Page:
There’s No “I” In “Team”

If you start almost any kind of business in Second Life, sooner or later, you’ll have to hire employees, or take on business partners.  And this process can make or break you.

Anyone offering jobs in Second Life is going to be swamped with newbies looking for work; this is both a good and bad thing.  Good because you will have a wide variety of candidates to choose from; bad because, without a crystal ball (of which none exist in SL), there’s no way to know in advance which ones are going to be competent and which ones are going to be flakes, or idiots.

I’ll offer one piece of fairly obvious advice:  Competence is a force multiplier.  I’d rather have one employee, competent and focused, than a whole club-ful of some of the dumbshits that have come our way, at the Cutlass and at the Gin Rummy.  You want the kind of employees that can take direction–and follow through on that direction–and that take their roles and responsibilities seriously.  With someone like that, I’ll have no trouble parting with my Lindens to pay their wages.

There are those out there, unfortunately, that insist on treating SL as “just a game.”  They don’t realize that there are real people behind those avatars…real people that are counting on them.  When one of these people blows off their responsibilities, that causes headaches in the business owners (i.e. us) as we have to scramble to cover for them.  My advice here: If you find an employee that says “Ah, this is all only a game,” remind them of where the door is.

Managing these employees can also be a non-trivial task.  SL doesn’t really provide all the facilities necessary for managing employee rosters, schedules, and so forth, so we took a cue from Soulmates and set up a “corporate intranet” site.  (We used the Joomla content-management system, which is also what Soulmates uses.  There are, no doubt, other solutions out there.) With this system, employees can read our procedures, post their availability, get the latest schedules, and so forth.  And yes, we have written procedures for all of our positions, just to make sure there are no misunderstandings about what we expect.

Now, I mentioned the subject of “business partners” above; this generally means “people who have contributed tier to buy the land for your business.”  The remarks I’ve made above about employees needing to be serious and competent goes double for business partners; people who don’t pull their weight but still expect to share in the business’s rewards can be some of the largest pains in the ass a business owner can have.  Especially if you can’t afford to kick them out without possibly either losing your land or taking on more tier than you can afford.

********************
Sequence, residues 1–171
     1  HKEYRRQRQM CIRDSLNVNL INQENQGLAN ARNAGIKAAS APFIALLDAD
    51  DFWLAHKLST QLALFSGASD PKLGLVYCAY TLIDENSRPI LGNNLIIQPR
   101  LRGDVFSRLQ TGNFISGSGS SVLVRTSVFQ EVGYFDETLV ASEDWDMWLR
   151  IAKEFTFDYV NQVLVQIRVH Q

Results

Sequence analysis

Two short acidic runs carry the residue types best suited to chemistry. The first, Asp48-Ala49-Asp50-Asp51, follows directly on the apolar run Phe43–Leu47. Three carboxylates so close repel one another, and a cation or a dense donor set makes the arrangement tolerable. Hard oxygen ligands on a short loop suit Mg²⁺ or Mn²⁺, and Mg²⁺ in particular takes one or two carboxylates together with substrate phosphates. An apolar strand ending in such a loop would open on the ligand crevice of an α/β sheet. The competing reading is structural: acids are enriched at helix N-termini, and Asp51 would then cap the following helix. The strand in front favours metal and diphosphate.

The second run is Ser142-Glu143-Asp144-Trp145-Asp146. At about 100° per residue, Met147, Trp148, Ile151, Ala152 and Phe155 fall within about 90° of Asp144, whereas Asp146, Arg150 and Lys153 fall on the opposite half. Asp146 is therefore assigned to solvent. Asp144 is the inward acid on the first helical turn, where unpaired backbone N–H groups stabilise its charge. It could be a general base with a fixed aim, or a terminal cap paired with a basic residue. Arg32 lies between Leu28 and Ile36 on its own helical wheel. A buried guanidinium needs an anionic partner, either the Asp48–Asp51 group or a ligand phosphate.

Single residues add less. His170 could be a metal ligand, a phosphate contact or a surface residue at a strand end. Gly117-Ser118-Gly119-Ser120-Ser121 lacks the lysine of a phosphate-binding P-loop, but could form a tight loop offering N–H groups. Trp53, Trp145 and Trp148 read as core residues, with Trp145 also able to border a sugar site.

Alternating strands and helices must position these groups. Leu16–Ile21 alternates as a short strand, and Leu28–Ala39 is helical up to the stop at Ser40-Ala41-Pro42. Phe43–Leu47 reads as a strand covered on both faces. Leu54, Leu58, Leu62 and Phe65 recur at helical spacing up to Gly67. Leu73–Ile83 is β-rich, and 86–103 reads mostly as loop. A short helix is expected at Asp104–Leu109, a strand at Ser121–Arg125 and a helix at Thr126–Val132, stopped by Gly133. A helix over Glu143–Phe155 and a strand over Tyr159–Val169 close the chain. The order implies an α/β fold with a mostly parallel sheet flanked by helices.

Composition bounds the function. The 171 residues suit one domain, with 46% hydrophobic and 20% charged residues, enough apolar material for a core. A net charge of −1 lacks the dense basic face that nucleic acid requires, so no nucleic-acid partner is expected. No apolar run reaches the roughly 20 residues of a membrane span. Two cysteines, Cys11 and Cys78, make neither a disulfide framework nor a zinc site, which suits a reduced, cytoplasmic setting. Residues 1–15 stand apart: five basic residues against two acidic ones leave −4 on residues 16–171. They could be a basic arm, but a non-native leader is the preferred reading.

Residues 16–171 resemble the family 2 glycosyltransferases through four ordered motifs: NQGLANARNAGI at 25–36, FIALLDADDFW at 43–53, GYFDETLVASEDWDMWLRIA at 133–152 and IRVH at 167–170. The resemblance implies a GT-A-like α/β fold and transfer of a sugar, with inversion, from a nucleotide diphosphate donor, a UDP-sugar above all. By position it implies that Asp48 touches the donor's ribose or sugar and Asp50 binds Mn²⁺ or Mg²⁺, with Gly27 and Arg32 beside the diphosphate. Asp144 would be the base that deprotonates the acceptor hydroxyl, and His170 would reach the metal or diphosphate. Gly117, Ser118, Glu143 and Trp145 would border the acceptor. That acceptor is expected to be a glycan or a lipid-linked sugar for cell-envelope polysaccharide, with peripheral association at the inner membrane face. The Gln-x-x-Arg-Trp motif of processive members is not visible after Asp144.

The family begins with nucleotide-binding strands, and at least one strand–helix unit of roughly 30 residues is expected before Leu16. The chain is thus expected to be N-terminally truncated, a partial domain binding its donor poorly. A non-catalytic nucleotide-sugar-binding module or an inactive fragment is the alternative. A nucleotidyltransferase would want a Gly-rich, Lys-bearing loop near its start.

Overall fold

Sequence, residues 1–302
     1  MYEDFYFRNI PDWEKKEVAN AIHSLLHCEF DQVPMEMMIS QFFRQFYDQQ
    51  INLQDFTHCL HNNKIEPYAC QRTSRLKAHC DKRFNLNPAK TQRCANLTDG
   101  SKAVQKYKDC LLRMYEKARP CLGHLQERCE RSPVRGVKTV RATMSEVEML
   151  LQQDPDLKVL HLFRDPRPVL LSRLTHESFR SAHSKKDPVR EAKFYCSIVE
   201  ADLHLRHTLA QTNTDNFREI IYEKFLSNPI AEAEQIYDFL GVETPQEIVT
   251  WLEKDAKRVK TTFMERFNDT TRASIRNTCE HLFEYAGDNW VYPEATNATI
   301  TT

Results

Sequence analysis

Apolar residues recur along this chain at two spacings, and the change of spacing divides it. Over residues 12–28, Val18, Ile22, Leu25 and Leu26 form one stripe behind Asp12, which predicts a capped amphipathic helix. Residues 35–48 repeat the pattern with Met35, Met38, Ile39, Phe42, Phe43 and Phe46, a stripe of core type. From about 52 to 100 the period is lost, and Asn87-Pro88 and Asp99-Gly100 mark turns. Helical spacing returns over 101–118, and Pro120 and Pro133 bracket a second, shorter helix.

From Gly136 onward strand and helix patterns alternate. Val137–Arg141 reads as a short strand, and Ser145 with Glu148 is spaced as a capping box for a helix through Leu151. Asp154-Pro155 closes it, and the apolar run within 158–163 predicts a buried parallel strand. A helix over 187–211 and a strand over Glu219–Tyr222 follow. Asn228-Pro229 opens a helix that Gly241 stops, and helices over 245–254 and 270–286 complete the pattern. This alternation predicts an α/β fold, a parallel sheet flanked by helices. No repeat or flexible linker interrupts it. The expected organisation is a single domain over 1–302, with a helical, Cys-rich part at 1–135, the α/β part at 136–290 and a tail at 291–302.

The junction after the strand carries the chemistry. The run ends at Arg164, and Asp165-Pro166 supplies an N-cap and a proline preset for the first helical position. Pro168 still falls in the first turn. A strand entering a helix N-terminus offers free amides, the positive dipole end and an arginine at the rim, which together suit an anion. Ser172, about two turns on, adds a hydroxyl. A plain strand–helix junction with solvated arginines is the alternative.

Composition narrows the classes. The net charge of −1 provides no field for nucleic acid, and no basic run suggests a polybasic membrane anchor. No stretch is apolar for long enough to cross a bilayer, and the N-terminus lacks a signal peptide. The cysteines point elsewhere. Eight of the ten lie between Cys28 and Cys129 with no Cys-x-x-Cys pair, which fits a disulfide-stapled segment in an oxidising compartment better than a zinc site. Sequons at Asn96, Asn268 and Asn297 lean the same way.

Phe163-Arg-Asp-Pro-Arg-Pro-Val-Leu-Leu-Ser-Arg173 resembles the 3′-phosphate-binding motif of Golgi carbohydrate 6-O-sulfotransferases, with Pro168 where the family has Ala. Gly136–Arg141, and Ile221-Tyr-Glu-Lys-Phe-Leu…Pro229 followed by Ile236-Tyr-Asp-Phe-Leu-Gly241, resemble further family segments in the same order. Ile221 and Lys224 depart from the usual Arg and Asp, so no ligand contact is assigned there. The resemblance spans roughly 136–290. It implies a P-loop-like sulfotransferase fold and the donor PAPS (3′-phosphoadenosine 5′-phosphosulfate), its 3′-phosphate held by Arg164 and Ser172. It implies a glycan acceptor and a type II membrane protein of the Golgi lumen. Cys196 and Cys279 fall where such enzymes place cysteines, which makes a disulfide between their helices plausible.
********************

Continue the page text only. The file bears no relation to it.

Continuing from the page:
Anyone starting a business in SL would do well to read some good business advice books, whether it’s How To Win Friends And Influence People, The One Minute Manager, Leadership Secrets of Attilla The Hun, or what have you.  It’ll give you more advice than I ever could…

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2 Comments

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2 responses to “There’s No “I” In “Team”

  1. Bott Ponzu

    interesting how you bandy the word ‘partner’ about….and also the title you chose for this particular blog. But then, I expected this from you, seeing how it’s your ‘wife’ that’s running the entire show, choosing to make all the decisions WITHOUT consulting said ‘partners’. But, that’s in the past, Dani and I have resolved our differences. It’s a shame, though, that you turned out to be such a back-stabbing, two-faced hypocrite. Personally, I suspect you WANTED us out, especially since, when you decided to be a two-year old and ‘tattle’ on me, so to speak, that you managed to copy and paste EVERYTHING I said to you (what I thought was IN CONFIDENCE, by the way) EXCEPT for my asking you to make sure that I was the only one booted. Surprise surprise, I find out that was the one part you did NOT show her, and I also found out, surprise surprise, that if you HAD shown her that part, then I would’ve been the only one booted. I never expected this behavior from you….if you wanted us both out so badly, you should’ve just said so. Instead, you decided to go behind everybody’s backs, showing your true colors in the process. If this is how you treat your friends and partners, then I’m GLAD I’m out.

  2. Well, Bott, since we’re not pulling any punches here, obviously, let me just say that your particular performance was substandard even for an employee, let alone for a “partner.” You chose to treat everything as “just part of a game.” You didn’t even bother to show up a number of times when you were scheduled to work. I have put tens of thousands of L$–for which I paid real money–into backing Danielle in her dreams. What have YOU done to match that?

    The ONLY reason that I didn’t kick you out of the groups myself is that, deep down, I’m just too nice a guy, and I waited for Danielle to do it. But Danielle and I were both in agreement that you should be gone.

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